The medical team involved in your diabetes care is likely to often mention your diet. They are not talking about the latest fad for cutting calories or substituting meals with formulated drinks. Your diet is what you eat overall. Some people eat mostly meat and potatoes while others do get plenty of fresh vegetables and fruit. Others may get most of their calories from processed foods that are heated up in a microwave. Whatever it is that you eat from day to day is your diet. If you have diabetes, then you probably have heard about eating a diabetic diet. Here are some explanations of what that actually means.
Carbohydrates, Proteins and Fat
Everything you eat is eventually turned into glucose for your body to use for energy. Glucose is the energy source for your body that fuels everything from your muscles to your brain. In fact, your brain uses a tremendous amount of glucose for fuel. There are complex chemical processes that go into converting your food into glucose, but carbohydrates are the ones that get processed the easiest. Plus, your food also contains many other nutrients, including vitamins, minerals, amino acids, beneficial bacteria and more. Proteins and fat can be turned into glucose by your body, and they can also slow the processing of carbohydrates into glucose. This is why pizza is a food that often results in a blood glucose spike. The carbs in the bread and sauce get slowed in processing due to the fat in the cheese and pepperoni, causing a surprise spike in blood glucose levels hours later.
Your diet needs a balance of carbohydrates, proteins and fat. Following a strict low fat diet may not be appropriate, but getting too much fat is not good either. Plus, there are simple and complex carbohydrates. An example of a simple carbohydrate would be the sugar in a regular soda. A complex carbohydrate would be rice. The sugar in the soda will raise your blood glucose levels rapidly while the rice takes longer. Plus, you do not need a degree in nutritional science to know that rice is better for you than sugary drinks whether you need to follow a diabetic diet or not.
Oils are an example of fat. The fat in meat is another fat. Real butter is made from milk fat. Not all fats are equal. An example of a good fat to consume in moderation is olive oil, where the cheap cottonseed and rapeseed oils used in processed foods is not so good. As for proteins, they can be in anything. Animal flesh is high in protein, but so are beans and soy. Plus, you do not need a lot of protein to thrive. The average person needs about 0.36 grams of protein per pound of weight. If you are healthy at 190 pounds, then you should eat 68.4 grams of protein per day. If you have kidney problems, you may be put on a lower protein diet to help ease the burden on your kidneys. A nine ounce steak contains 62 grams of protein. A cup of beans pinto beans contains 41 grams. If you eat a regular diet, you are likely getting more protein than you actually need.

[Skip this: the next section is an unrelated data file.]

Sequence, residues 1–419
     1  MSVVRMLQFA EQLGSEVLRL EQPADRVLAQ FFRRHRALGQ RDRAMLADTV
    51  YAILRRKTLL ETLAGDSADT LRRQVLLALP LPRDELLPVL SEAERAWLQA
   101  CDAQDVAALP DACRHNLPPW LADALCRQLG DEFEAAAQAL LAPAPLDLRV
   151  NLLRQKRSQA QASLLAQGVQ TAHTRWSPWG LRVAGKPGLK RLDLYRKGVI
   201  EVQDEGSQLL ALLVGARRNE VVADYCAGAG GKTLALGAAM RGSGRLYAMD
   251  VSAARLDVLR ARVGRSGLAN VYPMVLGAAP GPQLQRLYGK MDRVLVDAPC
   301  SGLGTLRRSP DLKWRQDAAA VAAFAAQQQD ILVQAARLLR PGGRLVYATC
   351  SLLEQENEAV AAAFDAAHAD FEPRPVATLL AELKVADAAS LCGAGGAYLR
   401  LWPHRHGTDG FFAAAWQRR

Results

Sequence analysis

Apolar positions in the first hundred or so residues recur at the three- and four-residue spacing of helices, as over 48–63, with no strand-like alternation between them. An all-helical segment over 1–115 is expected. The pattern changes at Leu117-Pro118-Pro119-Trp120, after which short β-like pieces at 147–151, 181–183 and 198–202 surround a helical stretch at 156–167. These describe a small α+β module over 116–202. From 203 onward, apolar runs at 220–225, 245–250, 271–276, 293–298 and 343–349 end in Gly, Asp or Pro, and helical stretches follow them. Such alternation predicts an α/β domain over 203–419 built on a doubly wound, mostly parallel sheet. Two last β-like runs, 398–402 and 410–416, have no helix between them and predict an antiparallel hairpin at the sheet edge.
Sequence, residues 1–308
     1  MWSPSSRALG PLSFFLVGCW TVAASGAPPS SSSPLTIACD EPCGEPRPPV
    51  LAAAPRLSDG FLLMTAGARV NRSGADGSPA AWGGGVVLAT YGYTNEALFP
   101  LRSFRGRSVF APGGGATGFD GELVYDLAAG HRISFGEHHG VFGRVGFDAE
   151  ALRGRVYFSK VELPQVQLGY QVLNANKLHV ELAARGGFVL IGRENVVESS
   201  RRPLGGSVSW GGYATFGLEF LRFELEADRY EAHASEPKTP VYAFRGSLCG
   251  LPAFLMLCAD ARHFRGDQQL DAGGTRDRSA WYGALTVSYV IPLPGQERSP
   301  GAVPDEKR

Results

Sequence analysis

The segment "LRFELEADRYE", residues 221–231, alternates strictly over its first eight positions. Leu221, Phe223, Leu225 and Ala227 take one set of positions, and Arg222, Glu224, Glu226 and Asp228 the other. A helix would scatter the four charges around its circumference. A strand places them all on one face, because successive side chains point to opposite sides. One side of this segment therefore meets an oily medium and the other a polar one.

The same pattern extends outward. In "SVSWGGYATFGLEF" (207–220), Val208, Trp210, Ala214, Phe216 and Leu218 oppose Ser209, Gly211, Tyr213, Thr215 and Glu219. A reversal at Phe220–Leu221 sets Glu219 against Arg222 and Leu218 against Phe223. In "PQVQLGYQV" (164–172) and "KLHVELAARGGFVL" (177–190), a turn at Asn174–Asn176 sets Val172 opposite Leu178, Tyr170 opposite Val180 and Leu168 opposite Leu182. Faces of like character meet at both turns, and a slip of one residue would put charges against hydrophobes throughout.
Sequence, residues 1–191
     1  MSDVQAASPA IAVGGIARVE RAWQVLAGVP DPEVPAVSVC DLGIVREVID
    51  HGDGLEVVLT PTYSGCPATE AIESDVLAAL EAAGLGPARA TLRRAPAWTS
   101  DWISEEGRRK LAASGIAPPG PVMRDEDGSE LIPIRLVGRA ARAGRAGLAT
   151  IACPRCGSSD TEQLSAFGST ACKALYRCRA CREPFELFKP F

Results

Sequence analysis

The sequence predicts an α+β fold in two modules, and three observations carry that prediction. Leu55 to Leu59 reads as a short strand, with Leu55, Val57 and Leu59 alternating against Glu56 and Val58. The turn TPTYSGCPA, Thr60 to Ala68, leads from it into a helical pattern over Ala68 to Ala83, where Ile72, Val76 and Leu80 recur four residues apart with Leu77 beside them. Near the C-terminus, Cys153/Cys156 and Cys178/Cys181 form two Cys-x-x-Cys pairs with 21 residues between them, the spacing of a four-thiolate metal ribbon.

Each type of food has a different rate that it is turned into energy. Foods that take longer to digest would be lower on the glycemic index, and foods that can spike your blood glucose faster would be higher. The number 100 would be where glucose itself is at on the index. You want to stick with foods for your regular meals that raise your blood glucose levels more slowly. That bagel for breakfast is around a 72 on the index, but a wheat tortilla used to make a wrap is only around 30. A banana is around 62 while an apple is 39. You might want to eat the banana before your morning jog, but choose an apple with lunch if you are just going to be sitting at your desk after you eat. Knowing where on the glycemic index the foods you eat are at will help you make not only the best choices of what to eat but also when to eat it.
There is a lot more to learn about eating a proper diet to help control your diabetes for the long term. Do not get sidelined by diet fads. Work to get away from eating processed foods that contain refined sugars, and learn to control portion sizes for carbs, proteins and fats. If you need to lose weight, you need to eat fewer calories than your body burns in a day or you need to burn more calories than you eat. You cannot get away from that simple equation when it comes to weight control, and that is a major issue many diabetics face every day.